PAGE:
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carlc
February 1st, 2005, 06:49 AM
I have taken two classes in Visual Basic. I did not learn a lot and remember even less because it has been a few years since I have taken them.

Anyway, I would like to move on to a different programming language and would like to begin by using a program similar to Visual Studio in that you can use a GUI to create menus, text boxes, drop-down menus, etc and add code to them.

What would be a good language to learn and a good program to use?

Jad
February 1st, 2005, 11:49 AM
so you are looking for a code genie, or wizard, I'm not sure about this dude.
someone has to use his hands.

Juergen
February 1st, 2005, 12:47 PM
I'm just starting to play with Python and Boa Constructor.
Looks good so far.

zabilcm
February 1st, 2005, 12:54 PM
If you loved visual basic then you could probably try Gambas (http://gambas.sourceforge.net/). It works much the same way as visual basic. It is Qt based does not exactly look like the other Ubuntu Gnome applications.

If you are willing to seperate out interface design and coding, you could try out Glade (http://glade.gnome.org/). Here you design the interface and you can use a wide array of languages like c, c++, python etc to interact with the Glade generated interface.

carlc
February 2nd, 2005, 01:47 AM
Hey thanks for the info. I will check the programs out. Glade looked interesting because my ultimate goal is to learn C but I am also intresested in Python.

Daniel G. Taylor
February 3rd, 2005, 05:55 AM
Hey thanks for the info. I will check the programs out. Glade looked interesting because my ultimate goal is to learn C but I am also intresested in Python.
Glade works with C, C++, Python, and a handful of other languages to which bindings have been made. A GNOME developer once digitally slapped me for making a GTK+ GUI by hand and not using Glade. Now I use Glade XML GUIs and Python all the time :-)

P.S. It was one of those crazy Imendio (http://imendio.com) guys ;-) You know who you are!

miho
February 6th, 2005, 04:15 AM
You should you Python and Boa Constructor, those are good. =D>

apoc
February 6th, 2005, 11:51 PM
I've got Glade-2 (For GUI) and IDLE (For Python Coding), how do I get them to "work" togher, I've managed to make some simple stuff off a guide for python, and Glade seems on the surface easy enough to understand.. troube is I can't find any guides on how to make them work together. ?

rufius
February 7th, 2005, 03:06 AM
I have taken two classes in Visual Basic. I did not learn a lot and remember even less because it has been a few years since I have taken them.

Anyway, I would like to move on to a different programming language and would like to begin by using a program similar to Visual Studio in that you can use a GUI to create menus, text boxes, drop-down menus, etc and add code to them.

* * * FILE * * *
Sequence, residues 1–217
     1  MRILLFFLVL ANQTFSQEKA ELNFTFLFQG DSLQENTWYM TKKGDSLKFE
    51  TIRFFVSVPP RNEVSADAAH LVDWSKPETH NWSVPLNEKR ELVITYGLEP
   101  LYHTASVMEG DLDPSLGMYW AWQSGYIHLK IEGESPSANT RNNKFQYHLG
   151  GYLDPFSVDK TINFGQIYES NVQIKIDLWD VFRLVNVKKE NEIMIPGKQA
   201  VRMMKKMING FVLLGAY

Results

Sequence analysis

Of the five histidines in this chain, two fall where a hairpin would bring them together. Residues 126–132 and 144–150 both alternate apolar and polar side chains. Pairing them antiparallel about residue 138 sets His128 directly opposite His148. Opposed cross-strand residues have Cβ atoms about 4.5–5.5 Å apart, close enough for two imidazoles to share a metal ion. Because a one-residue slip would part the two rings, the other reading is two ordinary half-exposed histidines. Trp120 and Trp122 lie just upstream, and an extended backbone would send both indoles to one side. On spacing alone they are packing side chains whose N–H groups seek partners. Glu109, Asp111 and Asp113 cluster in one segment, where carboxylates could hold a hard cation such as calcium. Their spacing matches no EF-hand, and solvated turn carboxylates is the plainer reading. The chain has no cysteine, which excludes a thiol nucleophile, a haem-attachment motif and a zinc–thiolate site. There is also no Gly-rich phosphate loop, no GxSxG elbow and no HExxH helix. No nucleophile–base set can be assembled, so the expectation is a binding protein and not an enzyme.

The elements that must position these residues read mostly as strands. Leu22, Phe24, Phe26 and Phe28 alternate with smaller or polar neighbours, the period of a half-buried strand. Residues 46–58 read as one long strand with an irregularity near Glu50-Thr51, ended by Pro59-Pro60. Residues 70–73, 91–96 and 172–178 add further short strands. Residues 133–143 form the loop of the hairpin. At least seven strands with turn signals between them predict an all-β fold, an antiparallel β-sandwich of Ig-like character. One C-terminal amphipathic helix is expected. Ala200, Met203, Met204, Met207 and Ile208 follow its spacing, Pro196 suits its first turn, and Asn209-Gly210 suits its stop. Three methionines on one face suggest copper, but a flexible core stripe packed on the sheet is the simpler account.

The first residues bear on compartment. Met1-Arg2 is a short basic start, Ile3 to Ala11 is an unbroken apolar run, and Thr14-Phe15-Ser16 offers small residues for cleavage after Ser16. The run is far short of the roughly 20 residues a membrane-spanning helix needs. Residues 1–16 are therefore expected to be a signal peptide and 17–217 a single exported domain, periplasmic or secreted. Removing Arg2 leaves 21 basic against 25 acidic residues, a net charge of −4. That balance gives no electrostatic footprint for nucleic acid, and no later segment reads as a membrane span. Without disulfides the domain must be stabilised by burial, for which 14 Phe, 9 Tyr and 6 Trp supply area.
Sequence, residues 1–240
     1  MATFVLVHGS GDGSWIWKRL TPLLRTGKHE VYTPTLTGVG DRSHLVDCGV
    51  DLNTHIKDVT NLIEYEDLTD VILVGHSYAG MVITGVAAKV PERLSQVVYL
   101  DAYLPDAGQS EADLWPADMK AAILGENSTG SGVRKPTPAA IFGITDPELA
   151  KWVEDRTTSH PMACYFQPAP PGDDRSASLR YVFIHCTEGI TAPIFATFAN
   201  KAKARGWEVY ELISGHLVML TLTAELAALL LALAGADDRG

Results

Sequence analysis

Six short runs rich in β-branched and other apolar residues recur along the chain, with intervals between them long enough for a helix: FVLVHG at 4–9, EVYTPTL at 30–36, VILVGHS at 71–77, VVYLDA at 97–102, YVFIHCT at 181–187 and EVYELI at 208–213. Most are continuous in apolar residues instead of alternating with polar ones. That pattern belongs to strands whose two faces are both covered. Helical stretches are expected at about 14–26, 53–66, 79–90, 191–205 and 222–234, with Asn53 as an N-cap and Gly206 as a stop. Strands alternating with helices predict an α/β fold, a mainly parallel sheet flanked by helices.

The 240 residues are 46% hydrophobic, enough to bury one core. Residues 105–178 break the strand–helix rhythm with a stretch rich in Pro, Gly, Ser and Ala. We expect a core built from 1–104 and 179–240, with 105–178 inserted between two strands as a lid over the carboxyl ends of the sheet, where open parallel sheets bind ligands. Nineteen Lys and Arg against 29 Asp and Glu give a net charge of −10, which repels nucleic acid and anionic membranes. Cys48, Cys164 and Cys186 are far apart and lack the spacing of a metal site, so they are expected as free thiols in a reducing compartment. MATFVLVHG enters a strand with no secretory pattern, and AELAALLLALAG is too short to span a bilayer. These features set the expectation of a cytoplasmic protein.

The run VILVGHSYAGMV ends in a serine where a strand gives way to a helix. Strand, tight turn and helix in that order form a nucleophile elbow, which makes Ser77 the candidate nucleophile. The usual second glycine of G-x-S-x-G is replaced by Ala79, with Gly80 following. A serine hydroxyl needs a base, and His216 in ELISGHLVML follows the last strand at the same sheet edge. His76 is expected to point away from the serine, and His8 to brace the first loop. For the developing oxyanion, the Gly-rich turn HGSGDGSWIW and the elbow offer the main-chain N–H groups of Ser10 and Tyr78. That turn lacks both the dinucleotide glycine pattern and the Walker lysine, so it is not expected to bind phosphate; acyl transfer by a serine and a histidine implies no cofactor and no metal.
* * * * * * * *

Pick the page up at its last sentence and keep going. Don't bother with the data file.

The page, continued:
What would be a good language to learn and a good program to use?
My approach would be a bit different compared to the Visual Basic method you're looking for but personally I've found that working with programs that don't require the GUI or don't teach the GUI initially helped me understand programming better. I personally wouldn't recommend starting out with the GUI builders, but would rather read some tutorials on say python, c, c++, or ruby.

carlc
February 7th, 2005, 04:13 AM
I know what you mean. I am currently reading a book on c++. I guess once I get more into the book, I will figure out which route I want to go.

Klunk
February 7th, 2005, 01:55 PM
Personally I would go with Java, but then again I really like java and have been using it commercially for the last 3 years, after going through Visual Basic and C++ over the preceeding 11 years.

I would go for Eclipse as an IDE and use the Visual Design plug-in. All you would want is available for free at http://www.eclipse.org. It has a whole host of plug-ins available for C++, php, Perl, Ruby etc so not just a Java IDE.

Daniel G. Taylor
February 7th, 2005, 07:01 PM
I've got Glade-2 (For GUI) and IDLE (For Python Coding), how do I get them to "work" togher, I've managed to make some simple stuff off a guide for python, and Glade seems on the surface easy enough to understand.. troube is I can't find any guides on how to make them work together. ?
This is what I started with:

http://www.linuxjournal.com/article/6586

apoc
February 7th, 2005, 09:55 PM
@Daniel

Sweet, thank you :D

blixtra
February 10th, 2005, 11:36 PM
If you loved visual basic then you could probably try Gambas (http://gambas.sourceforge.net/). It works much the same way as visual basic. It is Qt based does not exactly look like the other Ubuntu Gnome applications.

Just wanted to make clear that Gambas is not "Qt based". Gambas is a language similar to Visual Basic but is in no way tied to the GUI. For example, you can develop console programs with Gambas. Currently, however, there is only a stable binding for Qt which is why the IDE is in Qt. The development version also has a Gtk binding which last I checked is scheduled for release in summer some time.

Chris

defkewl
February 12th, 2005, 05:51 PM
Have you tried Java yet? It's quite nice and IMHO it has a very massive user.

anthony_barker
February 12th, 2005, 06:47 PM
If you plan to do development for an open platform (linux/gnome) I would stick to an open platform. For all of Sun's posturing around opening Java and Solaris both are still closed and owned by large multinationals who have a duty to make money for their shareholders.

So stick to c/c++/python/perl/ruby and widget sets wxWidgets (a wrapper), GTK, TK or QT.

I've found wxDesigner + Python fairly productive.

If you want to parlay what you've learned to working for large company I might look at mono. Otherwise I'd avoid it.